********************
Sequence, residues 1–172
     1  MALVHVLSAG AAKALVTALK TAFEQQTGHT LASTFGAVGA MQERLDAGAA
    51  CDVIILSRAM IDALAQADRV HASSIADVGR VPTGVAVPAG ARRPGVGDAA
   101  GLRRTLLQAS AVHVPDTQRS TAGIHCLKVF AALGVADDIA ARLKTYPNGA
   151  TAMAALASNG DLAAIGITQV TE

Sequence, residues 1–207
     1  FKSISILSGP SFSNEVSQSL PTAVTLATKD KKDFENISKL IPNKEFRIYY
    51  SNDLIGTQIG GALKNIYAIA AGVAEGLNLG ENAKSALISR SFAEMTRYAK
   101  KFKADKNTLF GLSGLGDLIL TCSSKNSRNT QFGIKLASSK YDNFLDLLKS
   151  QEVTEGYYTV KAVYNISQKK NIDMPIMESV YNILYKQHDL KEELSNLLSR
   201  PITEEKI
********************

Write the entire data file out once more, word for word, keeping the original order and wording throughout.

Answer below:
Sequence, residues 1–172
     1  MALVHVLSAG AAKALVTALK TAFEQQTGHT LASTFGAVGA MQERLDAGAA
    51  CDVIILSRAM IDALAQADRV HASSIADVGR VPTGVAVPAG ARRPGVGDAA
   101  GLRRTLLQAS AVHVPDTQRS TAGIHCLKVF AALGVADDIA ARLKTYPNGA
   151  TAMAALASNG DLAAIGITQV TE

Sequence, residues 1–207
     1  FKSISILSGP SFSNEVSQSL PTAVTLATKD KKDFENISKL IPNKEFRIYY
    51  SNDLIGTQIG GALKNIYAIA AGVAEGLNLG ENAKSALISR SFAEMTRYAK
   101  KFKADKNTLF GLSGLGDLIL TCSSKNSRNT QFGIKLASSK YDNFLDLLKS
   151  QEVTEGYYTV KAVYNISQKK NIDMPIMESV YNILYKQHDL KEELSNLLSR
   201  PITEEKI